Rather than fighting in heavy bronze cuirasses or laminated leather and linen, the Spartans fight in helmet, shield, and a leather jockstrap — a concession to modern mores. The classical Greeks often took the same artistic license and showed hoplites fighting in heroic nudity on their pottery and wall frescos.
Though the actors were physically very well prepared, the fighting is mostly a series of single combats with fantastic feats thrown in, great leaps with sword and shield, throwing a heavy pike as if it were a javelin, et cetera, in the style of modern Kung Fu movies rather than the close-order press of hoplite warfare.
This concession to drama is acknowledged in the movie when Leonidas explains to Ephialtes how each soldier must hold his shield high to protect the man on his right “neck to thigh” and is, in turn, protected by the shield of his comrade on his left.
This was the essence of hoplite battle. Herodotus reports that the exiled Spartan king Demaratus advised Xerxes:
One-against-one, they are as good as anyone in the world. But when they fight in a body, they are the best of all. For though they are free men, they are not entirely free. They accept Law as their master. And they respect this master more than your subjects respect you. Whatever he commands, they do. And his command never changes: It forbids them to flee in battle, whatever the number of their foes. He requires them to stand firm — to conquer or die.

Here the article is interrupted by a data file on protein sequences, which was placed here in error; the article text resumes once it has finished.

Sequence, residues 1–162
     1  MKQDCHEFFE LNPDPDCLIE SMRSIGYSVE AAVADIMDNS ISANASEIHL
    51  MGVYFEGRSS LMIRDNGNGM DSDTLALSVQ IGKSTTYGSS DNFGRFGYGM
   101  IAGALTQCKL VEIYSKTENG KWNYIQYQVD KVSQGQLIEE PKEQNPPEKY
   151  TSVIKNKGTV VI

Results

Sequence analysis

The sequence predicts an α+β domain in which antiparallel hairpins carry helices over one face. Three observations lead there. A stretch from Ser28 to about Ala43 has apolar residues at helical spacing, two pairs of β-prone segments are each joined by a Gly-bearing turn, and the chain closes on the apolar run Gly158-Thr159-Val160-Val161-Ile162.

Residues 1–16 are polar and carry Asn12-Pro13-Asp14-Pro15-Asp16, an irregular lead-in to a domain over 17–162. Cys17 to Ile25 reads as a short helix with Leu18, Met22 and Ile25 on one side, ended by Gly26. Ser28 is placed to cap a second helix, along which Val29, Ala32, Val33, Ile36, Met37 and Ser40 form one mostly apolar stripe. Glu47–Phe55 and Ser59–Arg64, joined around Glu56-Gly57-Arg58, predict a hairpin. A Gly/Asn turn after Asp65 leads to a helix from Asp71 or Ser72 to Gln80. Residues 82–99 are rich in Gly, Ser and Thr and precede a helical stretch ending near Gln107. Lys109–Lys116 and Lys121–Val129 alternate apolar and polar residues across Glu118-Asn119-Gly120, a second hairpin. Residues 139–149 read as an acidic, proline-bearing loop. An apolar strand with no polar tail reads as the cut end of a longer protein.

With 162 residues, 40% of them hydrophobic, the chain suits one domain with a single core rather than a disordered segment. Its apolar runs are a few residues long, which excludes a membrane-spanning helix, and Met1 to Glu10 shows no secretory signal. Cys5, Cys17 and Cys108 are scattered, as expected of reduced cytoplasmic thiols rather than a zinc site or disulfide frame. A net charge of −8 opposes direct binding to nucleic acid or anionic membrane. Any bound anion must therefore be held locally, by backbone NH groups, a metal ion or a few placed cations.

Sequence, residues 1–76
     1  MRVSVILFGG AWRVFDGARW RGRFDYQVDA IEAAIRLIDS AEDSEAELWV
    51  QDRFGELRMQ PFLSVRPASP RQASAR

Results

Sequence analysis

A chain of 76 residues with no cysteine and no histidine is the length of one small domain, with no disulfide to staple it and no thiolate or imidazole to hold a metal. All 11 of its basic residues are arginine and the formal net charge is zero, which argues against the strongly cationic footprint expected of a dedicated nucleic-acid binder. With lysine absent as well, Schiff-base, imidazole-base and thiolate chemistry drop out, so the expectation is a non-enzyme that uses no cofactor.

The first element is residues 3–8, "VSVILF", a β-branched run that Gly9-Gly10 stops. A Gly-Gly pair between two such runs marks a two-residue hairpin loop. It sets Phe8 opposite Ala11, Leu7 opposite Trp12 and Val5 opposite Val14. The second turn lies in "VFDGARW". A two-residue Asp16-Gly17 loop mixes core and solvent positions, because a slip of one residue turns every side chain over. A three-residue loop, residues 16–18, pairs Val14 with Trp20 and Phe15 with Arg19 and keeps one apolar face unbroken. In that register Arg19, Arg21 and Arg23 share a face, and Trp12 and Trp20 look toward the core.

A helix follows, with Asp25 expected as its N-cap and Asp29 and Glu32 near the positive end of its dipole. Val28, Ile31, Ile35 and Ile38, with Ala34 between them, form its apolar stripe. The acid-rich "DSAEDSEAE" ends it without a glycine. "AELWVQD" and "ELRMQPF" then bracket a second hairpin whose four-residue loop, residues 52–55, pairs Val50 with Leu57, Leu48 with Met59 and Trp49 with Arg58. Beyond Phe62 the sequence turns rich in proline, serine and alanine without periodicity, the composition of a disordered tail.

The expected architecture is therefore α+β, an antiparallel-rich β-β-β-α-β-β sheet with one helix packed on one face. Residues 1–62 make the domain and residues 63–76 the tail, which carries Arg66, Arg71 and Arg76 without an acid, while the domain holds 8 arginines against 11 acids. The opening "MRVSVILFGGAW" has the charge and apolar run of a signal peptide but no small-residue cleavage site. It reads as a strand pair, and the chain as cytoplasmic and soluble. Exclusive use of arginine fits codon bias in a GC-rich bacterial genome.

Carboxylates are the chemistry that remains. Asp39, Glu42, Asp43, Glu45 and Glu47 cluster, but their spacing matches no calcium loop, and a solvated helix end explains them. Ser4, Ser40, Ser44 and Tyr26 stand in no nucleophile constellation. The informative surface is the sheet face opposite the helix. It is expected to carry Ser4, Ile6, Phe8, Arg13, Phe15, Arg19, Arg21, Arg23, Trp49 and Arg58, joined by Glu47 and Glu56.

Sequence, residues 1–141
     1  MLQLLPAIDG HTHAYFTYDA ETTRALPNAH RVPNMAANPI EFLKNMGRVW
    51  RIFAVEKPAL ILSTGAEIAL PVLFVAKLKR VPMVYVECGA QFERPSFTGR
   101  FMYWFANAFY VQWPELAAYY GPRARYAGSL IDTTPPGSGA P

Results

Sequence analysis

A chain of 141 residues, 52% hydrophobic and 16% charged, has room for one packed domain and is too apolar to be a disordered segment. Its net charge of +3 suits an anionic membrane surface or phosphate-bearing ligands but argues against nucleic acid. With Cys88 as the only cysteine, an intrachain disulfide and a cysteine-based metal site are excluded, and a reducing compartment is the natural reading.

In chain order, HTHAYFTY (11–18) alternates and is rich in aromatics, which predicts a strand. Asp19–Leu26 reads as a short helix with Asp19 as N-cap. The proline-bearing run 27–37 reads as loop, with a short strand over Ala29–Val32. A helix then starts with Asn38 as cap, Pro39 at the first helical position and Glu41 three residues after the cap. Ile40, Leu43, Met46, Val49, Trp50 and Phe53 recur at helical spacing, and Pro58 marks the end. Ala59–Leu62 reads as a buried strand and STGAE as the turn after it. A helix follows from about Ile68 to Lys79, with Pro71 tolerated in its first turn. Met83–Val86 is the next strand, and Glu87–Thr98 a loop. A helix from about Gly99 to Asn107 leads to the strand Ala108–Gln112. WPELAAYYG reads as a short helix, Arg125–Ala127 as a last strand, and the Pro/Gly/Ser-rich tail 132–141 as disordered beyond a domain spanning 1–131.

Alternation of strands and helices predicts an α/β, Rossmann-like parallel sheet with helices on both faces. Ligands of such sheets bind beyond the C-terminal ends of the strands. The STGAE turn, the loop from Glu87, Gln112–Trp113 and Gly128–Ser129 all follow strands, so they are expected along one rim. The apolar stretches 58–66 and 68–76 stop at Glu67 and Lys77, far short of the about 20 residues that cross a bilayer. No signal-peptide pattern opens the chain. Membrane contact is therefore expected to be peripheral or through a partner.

O king, if I seem to speak foolishly, I am content from this time forward to remain silent. I only spoke now because you commanded me to. I do hope that everything turns out according to your wishes.
The director is aware of the artistic license he is taking. Movie makers have known that real battle cannot be shown from a single vantage-point in a way that makes sense to the witness since the days Pancho Villa allowed a Hollywood crew to film one of his. (Villa did, however, graciously wait until the light was just right for them to film the post-battle executions.)
There may be a subtle visual clue in the metal surface of the shields and helmets. Rather than burnished bronze, a close look shows a pitted pewter surface like the kind on home decorations you buy in Hobby Lobby. Could be a Hollywood cheesy — but I suspect a deliberate — effect. The movie also has fantastic elements, rhinos and elephants, grossly mutated warriors, and disfigured concubines.
The director is obviously striving for a kind of magical realism, like a movie made from a book by Gabriel Garcia Marquez might look. And I think this is entirely appropriate. The story of what the Spartans and their allies did at the pass of Thermopylae outlasted their civilization — and will certainly outlast ours. Men will be finding new ways to tell the old story as long as stories are told.
Continued in Part II.